University of Auckland

The University of Auckland (Māori: Te Whare Wānanga o Tāmaki Makaurau) is a university located in Auckland, New Zealand. It is the largest university in the country and the highest ranked in the 2011 QS World University Rankings, having been ranked 82nd worldwide. Established in 1883 as a constituent college of the University of New Zealand, the university is made up of eight faculties over six campuses, and has more than 39,000 students at April 2010. Over 1,300 doctoral candidates were enrolled at the University of Auckland in 2007. It also provides the most conjoint combinations in New Zealand, with over 50 combinations. Conjoint programs allow students to achieve multiple degrees in a shortened period of time. The University of Auckland began as a constituent of the University of New Zealand, founded on 23 May 1883 as Auckland University College. Stewardship of the University during its establishment period was the responsibility of John Chapman Andrew (Vice Chancellor of the University of New Zealand 1885–1903).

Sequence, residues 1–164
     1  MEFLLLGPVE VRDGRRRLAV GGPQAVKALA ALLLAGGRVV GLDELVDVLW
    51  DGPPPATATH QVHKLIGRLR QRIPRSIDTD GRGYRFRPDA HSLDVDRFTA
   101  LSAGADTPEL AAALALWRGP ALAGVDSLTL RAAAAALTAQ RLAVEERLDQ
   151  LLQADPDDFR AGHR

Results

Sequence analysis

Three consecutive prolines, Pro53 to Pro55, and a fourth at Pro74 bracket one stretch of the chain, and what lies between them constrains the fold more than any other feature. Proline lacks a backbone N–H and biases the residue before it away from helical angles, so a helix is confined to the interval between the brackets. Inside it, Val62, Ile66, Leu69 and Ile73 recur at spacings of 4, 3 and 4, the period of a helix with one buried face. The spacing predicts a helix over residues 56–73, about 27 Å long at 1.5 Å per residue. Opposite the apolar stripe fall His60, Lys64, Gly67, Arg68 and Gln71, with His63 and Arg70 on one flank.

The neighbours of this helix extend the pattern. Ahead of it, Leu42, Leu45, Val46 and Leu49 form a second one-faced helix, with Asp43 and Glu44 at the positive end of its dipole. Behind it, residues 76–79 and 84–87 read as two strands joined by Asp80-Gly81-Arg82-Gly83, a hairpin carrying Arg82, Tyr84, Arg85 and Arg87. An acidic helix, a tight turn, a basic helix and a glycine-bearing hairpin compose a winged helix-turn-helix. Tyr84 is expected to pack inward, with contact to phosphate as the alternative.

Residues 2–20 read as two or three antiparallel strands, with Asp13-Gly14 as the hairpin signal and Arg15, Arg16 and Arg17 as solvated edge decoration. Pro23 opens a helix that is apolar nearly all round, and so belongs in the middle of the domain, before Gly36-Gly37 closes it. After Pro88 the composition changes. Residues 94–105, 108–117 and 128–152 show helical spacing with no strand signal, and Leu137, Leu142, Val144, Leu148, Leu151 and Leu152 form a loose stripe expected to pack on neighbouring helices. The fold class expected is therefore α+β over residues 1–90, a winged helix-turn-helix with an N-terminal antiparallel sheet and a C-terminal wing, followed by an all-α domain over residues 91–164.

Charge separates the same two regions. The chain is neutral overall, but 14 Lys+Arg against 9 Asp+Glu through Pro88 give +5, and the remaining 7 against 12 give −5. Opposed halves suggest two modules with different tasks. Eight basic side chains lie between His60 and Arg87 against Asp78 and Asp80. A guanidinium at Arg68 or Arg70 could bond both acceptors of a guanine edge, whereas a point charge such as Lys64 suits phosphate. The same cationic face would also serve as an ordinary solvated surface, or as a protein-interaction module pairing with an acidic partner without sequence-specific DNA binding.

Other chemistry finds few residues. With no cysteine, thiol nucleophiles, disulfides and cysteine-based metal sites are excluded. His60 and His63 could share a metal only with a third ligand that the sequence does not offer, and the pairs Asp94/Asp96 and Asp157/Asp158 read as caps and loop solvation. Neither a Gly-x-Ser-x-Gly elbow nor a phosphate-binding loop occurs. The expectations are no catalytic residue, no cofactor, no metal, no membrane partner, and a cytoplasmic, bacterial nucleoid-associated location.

Address
22 Princes Street, Auckland, New Zealand 1010
Website
http://www.auckland.ac.nz/
Wikipedia
http://en.wikipedia.org/wiki/University_of_Auckland

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Autism spectrum disorders

Zinc found to reverse brain cell changes in autism

Cellular changes in the brain caused by genetic mutations that occur in autism can be reversed by zinc, according to research at the University of Auckland.

Medical research

New avenue for understanding cause of common diseases

A ground-breaking Auckland study could lead to discoveries about many common diseases such as diabetes, cancer and dementia. The new finding could also illuminate the broader role of the enigmatic mitochondria in human development.

Psychology & Psychiatry

Superstition can affect eye tests

People having eye examinations may be affecting the results due to a natural tendency to base their responses on past decisions.

Cardiology

Bioeningeers create new virtual 3-D heart for clinical use

A team at the University of Auckland's Bioengineering Institute have created a virtual 3-D heart that could have a major impact on treatment of the most common heart rhythm disturbance, atrial fibrillation (AF).

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